As with the case with road verges could it be conceivable to convert difficult to manage areas of green spaces to a wildflower meadow? This was the suggestion by Angus Lindsay from The Landscape Group recently in an interview in the October issue of ProLandscaper Magazine.
His background is in agriculture, where he has gained experience in managing field operations and mechanisation Management, so perhaps not the background one would expect for considering wildflower meadows and biodiversity?! However the point here is that ecology, infrastructure and landscaping are crossing over due to such practicalities as BREEAM and code for Sustainable Housing.
For grounds maintenance professionals they have to keep our green lands pleasant and with the economic squeeze faced by many of us this year, this to say the least has been challenging. We shouldn’t stop mowing lawns completely, that would be unrealistic, but it certainly makes sense to look into alternatives. It is more about looking at sites which are challenging to the machines and people who operate them, and thinking about converting those areas into wildflower meadows, which is very simple and easy to maintain. Examples of challenging sites could be central reservations on certain roads, slopes and banks which are very steep, areas next to railways and rivers, or just those sites which have problematic site access, or very limited budgets. These considerations would make the maintenance more cost-effective, the machinery would still be utilised as a meadow will need cutting back once every year in the autumn and the cuttings removed.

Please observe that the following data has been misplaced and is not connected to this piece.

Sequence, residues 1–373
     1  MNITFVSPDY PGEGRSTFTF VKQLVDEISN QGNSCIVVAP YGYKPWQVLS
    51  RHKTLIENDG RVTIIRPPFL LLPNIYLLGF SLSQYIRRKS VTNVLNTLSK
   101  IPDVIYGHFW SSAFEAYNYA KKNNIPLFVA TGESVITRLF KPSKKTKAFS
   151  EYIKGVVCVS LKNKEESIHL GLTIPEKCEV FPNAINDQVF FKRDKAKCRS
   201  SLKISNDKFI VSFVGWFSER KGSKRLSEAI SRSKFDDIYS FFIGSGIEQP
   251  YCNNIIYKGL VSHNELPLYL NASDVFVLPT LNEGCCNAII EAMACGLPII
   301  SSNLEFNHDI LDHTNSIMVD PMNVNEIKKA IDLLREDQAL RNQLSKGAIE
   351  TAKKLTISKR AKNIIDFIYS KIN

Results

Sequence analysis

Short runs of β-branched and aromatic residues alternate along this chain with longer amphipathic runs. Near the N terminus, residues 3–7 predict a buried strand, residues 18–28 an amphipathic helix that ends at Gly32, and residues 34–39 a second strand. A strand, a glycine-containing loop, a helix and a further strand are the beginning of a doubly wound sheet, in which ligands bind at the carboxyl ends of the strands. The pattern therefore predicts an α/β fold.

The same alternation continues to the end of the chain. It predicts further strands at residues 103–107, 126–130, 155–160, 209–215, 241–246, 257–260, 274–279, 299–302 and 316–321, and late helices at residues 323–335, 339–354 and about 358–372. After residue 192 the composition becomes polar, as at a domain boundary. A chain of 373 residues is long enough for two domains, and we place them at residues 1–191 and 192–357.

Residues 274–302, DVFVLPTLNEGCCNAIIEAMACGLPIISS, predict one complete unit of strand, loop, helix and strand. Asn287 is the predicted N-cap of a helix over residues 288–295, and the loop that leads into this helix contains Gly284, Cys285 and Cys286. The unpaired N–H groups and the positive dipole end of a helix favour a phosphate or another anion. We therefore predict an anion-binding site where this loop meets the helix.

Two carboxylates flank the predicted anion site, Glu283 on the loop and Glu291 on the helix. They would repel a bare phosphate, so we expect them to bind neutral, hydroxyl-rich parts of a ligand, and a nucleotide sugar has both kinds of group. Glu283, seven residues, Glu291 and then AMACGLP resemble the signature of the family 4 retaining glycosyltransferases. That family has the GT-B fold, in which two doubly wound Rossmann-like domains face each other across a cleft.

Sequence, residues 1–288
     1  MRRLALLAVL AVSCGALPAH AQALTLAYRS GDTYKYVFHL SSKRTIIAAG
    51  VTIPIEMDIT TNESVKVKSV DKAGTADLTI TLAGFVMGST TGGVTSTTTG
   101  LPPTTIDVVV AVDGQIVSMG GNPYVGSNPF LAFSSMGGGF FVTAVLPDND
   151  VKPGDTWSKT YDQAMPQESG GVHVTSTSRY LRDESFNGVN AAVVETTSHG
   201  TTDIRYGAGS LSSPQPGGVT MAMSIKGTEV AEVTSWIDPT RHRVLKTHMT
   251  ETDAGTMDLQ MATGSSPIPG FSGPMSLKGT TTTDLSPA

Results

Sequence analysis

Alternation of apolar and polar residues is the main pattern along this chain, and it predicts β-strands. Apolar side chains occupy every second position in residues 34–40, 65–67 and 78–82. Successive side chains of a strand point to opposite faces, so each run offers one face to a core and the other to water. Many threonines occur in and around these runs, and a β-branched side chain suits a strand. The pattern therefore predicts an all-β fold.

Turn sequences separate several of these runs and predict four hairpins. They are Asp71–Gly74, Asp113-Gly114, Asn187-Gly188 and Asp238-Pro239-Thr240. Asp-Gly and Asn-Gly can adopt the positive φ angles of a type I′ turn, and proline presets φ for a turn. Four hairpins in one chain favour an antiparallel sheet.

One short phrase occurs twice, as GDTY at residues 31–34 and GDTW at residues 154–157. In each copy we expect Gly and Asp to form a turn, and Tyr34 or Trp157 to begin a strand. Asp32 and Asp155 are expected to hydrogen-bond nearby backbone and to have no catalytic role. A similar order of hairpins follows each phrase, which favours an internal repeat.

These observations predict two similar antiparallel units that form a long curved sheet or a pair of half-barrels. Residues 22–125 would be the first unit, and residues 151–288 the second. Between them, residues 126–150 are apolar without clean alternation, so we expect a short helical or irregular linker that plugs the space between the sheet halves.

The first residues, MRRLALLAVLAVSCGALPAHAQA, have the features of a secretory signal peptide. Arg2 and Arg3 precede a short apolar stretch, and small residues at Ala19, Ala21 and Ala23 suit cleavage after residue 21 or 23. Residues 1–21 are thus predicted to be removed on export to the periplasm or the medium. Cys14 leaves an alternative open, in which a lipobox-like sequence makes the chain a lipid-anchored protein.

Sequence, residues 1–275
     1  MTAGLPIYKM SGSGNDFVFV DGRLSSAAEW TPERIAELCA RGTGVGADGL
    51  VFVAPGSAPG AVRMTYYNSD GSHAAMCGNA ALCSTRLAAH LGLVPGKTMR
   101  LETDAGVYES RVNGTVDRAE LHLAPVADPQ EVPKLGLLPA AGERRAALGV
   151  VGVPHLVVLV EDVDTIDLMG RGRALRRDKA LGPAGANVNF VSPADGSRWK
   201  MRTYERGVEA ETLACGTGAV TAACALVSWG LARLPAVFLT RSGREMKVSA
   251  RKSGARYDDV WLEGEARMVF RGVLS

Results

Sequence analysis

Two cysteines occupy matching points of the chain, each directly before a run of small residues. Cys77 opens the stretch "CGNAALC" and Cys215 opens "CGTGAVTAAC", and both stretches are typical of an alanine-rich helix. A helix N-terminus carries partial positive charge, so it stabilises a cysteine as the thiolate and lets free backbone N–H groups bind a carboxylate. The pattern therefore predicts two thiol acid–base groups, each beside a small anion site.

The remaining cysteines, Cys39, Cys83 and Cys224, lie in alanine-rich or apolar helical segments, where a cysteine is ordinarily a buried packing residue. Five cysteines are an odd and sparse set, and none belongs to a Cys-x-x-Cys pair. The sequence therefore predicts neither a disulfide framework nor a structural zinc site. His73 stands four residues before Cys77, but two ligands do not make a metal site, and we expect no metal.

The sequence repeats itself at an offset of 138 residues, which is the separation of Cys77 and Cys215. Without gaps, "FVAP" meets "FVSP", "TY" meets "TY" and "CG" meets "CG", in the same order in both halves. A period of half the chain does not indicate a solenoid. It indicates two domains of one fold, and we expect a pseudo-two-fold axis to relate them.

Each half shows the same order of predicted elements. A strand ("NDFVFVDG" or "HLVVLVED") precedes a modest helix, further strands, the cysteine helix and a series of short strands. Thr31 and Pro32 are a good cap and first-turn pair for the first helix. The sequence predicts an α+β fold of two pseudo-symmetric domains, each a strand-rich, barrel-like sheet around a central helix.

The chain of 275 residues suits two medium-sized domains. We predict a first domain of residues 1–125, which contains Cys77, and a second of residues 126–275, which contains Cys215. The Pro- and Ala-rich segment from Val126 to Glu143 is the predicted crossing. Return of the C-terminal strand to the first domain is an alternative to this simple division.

Instead of a monoculture of grass, a biodiverse, colourful natural wildflower area would surly be the favoured option by many. What commuter would not be happy to see a splash of colour on an otherwise mundane landscape. Not only would they look stunning but they would be helping to support local wildlife.
Bristol Council have been innovative in their approach and have trialed this very idea and have planted an annual meadow at the bottom of the M32.